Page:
Agriprocessors 224.88 courtesy.
(photo credit: Courtesy)
For some time there has been a controversy about Agriprocessors, the largest kosher meat plant in the United States. The media have raised questions of how workers are treated, workers' safety and conditions in the plant. The government detained a large number of illegal workers. All of these questions concerned me. So when a mission of national Jewish leaders was organized to inspect the plant, I decided to go.
The mission included national leaders of the Orthodox community and the directors of kashrut agencies across the country. It represented the broad spectrum - rabbis from Agudat Yisrael, modern Orthodox, the OU, the Rabbinical Council of America, Chabad and Young Israel. Postville, Iowa is remote, the nearest airport is an hour and half away, and that's sparsely serviced Dubuque. I had two flights canceled and got home just before Shabbat after driving hours to Chicago.
We were given free reign of the plant. Randomly, we interviewed dozens of employees, selecting them ourselves. We viewed the production lines. We spent hours inside the plant. In no way was the trip choreographed.
THE REALITY we saw was far different from that described in the press. The plant is state of the art,and workers told of us of wages beginning at $10 an hour. Benefits such as full health and dental plans kick in at 90 days. One woman from Chicago spoke of working previously at the Tyson meat plant. There she received a dollar an hour more, but told us "in this plant the work is less rigorous and the training better."
I was most impressed from the actual kosher slaughter process. I discovered innovations that reflected the highest standards of halachic observance.
The mayor told us that if the plant fails, the local economy will be devastated. The Presbyterian minister said he has never had reports of abuse from his congregation. We questioned plant officials about safety, human resources and compliance. We heard how the plant had recently instituted the E Verification system that coordinates with the federal government to ensure that all employees are legal. Apparently this system checks the Social Security number against government records to insure all employees are who they say they are and that they are not under 18.
Some of our group, including myself, met with leaders of the local church, St. Bridget, that has historically been very critical of the plant. The rabbis suggested that they begin ongoing meetings with the plant management to investigate alleged abuses. We asked them to provide us with documentation of specific cases of worker abuse which we would bring to the attention of the plant management. We still have not heard from them, and they have nor have they responded to our request for regular meetings with the plant. Instead they continue to use the press as their mode of communication.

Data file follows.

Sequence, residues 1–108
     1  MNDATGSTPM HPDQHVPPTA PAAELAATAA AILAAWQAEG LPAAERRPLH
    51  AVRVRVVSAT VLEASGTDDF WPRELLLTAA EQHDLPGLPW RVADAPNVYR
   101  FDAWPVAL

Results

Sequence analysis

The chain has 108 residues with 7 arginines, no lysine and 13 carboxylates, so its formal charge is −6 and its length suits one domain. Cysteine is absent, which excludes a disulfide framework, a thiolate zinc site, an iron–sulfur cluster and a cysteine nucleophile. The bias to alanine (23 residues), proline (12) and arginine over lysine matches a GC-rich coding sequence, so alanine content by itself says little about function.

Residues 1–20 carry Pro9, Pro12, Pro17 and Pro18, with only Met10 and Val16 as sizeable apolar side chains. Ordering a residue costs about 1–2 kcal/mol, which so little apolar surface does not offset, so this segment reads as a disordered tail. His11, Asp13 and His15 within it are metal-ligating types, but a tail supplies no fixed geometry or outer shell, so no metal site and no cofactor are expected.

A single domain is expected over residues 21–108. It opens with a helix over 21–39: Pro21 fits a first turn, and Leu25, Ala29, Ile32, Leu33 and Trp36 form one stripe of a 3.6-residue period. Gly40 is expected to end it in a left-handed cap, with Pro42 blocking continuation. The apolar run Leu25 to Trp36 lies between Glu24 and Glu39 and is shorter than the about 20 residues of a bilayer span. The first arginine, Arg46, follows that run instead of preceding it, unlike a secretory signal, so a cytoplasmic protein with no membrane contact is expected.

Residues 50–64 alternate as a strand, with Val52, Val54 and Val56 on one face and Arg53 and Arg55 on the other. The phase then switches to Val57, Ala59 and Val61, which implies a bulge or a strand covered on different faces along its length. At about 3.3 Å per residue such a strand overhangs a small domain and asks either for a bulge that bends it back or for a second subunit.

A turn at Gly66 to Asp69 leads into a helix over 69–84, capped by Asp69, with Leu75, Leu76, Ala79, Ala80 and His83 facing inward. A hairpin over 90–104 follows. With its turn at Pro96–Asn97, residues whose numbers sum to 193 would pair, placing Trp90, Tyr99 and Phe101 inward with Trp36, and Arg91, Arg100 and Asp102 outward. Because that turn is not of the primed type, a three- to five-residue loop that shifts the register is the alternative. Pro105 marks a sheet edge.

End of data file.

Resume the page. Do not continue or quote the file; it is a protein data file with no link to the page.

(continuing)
NONE OF the press reports have been by reporters who have been inside the plant. One JTA reporter who did visit the plant a few days before us filed a report that reaffirmed what we said. Almost all have based their stories on reports from outside sources - the church and the union which is trying to take over the plant and is being sued by Smith Food for racketeering. In Arizona, a grocery chain that has resisted the union is in court accusing it of defamation, extortion and trespass.
Some leftist Jewish organizations interested in immigration issues have joined the bandwagon. A group of non-Orthodox rabbis wants to create a new rabbinical kashrut certification, based on liberal social values instead of Halacha. Claiming to be motivated by ethics, its approach to the issue has been far from ethical - smear campaigns and demonstrations instead of the Jewish way of exploring the issues objectively and seeking solutions. It has created a battle of Jew vs. Jew, creating a show the media relishes.
While I cannot know anything about the past, I did witness myself the reality today, and it's not what we have read in the media. It could have been that Agriprocessors grew very swiftly and management was not as strong as it could have been. Today the plant is without question state of the art, workers are treated well and there is strong attention to safety and compliance.
The writer is president of the Rabbinical Council of Orange County, California.
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